The Deep Decarbonization Pathways Project (DDPP) just released a preliminary, technical report that shows how the United States can cut its greenhouse gas emissions to 80 percent of 1990 levels by 2050 – provided the political will is there. Such a drastic cut is necessary in order to achieve the internationally agreed target of no more than a 2°C (3.6°F) increase on global mean surface temperature compared to pre-industrial levels. The report also uses very conservative measurements to conclude that it would only take around one percent of GDP per annum to achieve this outcome.
The DDPP consists of 15 research teams representing the 15 countries that produce the most greenhouse gas (GHG) emissions: Australia, Brazil, Canada, China, France, Germany, India, Indonesia, Japan, Mexico, Russia, South Africa, South Korea, the U.K., and the U.S. Combined, these 15 countries produce 70 percent of global GHG emissions. A team from each country is responsible for preparing their own nation’s reports, and a feature of the project is that they begin with the scenario of a 2°C cap and then work backwards to nut out possible ways to achieve it.
In terms of energy system infrastructure and technology required to meet the U.S. reductions, the team found: “Deep decarbonization requires three fundamental changes in the U.S. energy system: (1) highly efficient end use of energy in buildings, transportation, and industry; (2) decarbonization of electricity and other fuels; and (3) fuel switching of end uses to electricity and other low-carbon supplies. All of these changes are needed, across all sectors of the economy, to meet the target of an 80% GHG reduction below 1990 levels by 2050.” The team modeled four different low-carbon scenarios, which included “different energy saving measures, fuel switching, and four types of decarbonized electricity: renewable energy, nuclear energy, fossil fuel with carbon capture and storage, and a mixed case.”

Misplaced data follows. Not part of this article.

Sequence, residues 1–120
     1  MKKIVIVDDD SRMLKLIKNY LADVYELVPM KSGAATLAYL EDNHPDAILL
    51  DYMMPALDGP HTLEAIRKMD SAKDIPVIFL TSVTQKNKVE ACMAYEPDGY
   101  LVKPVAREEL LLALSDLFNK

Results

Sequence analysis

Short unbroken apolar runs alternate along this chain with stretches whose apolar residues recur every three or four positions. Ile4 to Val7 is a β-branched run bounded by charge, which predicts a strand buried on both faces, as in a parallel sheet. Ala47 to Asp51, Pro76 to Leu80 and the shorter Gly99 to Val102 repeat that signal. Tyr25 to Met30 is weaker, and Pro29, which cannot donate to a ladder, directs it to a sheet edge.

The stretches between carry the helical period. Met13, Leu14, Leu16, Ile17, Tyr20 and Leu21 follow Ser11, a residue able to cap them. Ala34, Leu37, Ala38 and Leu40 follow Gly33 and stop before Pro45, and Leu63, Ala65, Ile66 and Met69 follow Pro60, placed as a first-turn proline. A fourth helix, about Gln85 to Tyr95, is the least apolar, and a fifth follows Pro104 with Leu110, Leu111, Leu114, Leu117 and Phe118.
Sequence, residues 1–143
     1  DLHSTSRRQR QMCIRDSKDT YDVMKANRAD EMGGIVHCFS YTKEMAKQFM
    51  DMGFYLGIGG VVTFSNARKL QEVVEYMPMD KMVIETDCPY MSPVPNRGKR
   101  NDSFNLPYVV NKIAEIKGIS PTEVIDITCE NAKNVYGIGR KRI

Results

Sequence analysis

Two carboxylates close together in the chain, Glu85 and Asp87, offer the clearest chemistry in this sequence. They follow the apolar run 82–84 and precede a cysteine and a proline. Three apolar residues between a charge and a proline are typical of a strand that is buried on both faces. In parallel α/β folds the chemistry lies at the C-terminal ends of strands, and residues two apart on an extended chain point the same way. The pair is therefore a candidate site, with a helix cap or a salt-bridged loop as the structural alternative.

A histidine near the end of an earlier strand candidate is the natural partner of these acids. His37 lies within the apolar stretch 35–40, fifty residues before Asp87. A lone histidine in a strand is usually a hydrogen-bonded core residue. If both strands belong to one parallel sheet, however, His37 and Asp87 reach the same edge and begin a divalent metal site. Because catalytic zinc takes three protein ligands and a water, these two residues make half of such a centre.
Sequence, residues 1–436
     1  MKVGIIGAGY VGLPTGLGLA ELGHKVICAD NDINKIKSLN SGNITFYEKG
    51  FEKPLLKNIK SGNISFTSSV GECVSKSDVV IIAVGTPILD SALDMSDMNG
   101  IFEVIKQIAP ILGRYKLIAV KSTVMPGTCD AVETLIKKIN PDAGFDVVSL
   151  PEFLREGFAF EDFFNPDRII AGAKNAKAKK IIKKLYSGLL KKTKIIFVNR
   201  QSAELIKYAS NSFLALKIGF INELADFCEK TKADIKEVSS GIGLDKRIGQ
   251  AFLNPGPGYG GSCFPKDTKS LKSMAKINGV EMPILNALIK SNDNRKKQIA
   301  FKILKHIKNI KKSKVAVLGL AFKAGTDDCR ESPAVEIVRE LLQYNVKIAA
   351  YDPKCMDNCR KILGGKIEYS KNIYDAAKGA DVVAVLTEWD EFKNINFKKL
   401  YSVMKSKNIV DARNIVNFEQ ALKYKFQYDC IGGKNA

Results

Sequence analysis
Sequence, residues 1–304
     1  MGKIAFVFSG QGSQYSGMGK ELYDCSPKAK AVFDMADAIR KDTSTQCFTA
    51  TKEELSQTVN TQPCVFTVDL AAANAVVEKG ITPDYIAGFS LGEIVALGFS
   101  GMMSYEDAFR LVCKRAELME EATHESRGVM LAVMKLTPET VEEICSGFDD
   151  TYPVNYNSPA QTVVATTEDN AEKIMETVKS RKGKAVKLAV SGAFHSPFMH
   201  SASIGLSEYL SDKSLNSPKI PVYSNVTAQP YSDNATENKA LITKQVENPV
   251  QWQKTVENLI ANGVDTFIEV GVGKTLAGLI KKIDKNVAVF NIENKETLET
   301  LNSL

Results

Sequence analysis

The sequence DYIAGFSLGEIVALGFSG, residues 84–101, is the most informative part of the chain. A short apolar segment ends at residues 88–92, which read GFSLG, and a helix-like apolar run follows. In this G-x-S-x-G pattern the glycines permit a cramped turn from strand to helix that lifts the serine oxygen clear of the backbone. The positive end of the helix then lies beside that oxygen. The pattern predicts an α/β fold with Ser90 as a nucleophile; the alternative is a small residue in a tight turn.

Even with an assumption of increasing growth through to 2050, all four models were able to deliver at least 80 percent reductions in GHG emissions. A key takeaway from the report, however, was that action needs to begin now in order to reduce the disruptions that later implementation will necessitate — disruptions which seem to have already paralyzed many policymakers with fear. Starting now means that natural attrition of infrastructure can occur, rather than incurring the expense of having to “strand assets” in order to meet targets. In the report’s press release lead author Jim Williams notes: “One important conclusion is that investment opportunities in clean technologies will arise during the natural rollover and replacement of infrastructure. The plan calls for non-disruptive, sustained infrastructure transitions that can deeply decarbonize the U.S. by 2050, and enhance its competitive position in the process.” Check out the full report via the link below, and David Roberts over at Grist has an excellent in-depth analysis too.